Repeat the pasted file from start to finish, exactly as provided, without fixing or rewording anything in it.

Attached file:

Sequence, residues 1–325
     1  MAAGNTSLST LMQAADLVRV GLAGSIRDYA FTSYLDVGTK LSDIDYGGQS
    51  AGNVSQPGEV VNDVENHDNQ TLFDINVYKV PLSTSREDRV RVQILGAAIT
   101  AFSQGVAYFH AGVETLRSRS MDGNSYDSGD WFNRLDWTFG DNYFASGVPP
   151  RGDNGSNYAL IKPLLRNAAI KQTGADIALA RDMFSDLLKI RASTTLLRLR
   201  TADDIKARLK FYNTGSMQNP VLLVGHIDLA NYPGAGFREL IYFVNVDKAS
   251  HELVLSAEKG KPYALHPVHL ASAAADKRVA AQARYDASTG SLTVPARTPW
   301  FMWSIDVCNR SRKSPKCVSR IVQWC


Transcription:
Sequence, residues 1–325
     1  MAAGNTSLST LMQAADLVRV GLAGSIRDYA FTSYLDVGTK LSDIDYGGQS
    51  AGNVSQPGEV VNDVENHDNQ TLFDINVYKV PLSTSREDRV RVQILGAAIT
   101  AFSQGVAYFH AGVETLRSRS MDGNSYDSGD WFNRLDWTFG DNYFASGVPP
   151  RGDNGSNYAL IKPLLRNAAI KQTGADIALA RDMFSDLLKI RASTTLLRLR
   201  TADDIKARLK FYNTGSMQNP VLLVGHIDLA NYPGAGFREL IYFVNVDKAS
   251  HELVLSAEKG KPYALHPVHL ASAAADKRVA AQARYDASTG SLTVPARTPW
   301  FMWSIDVCNR SRKSPKCVSR IVQWC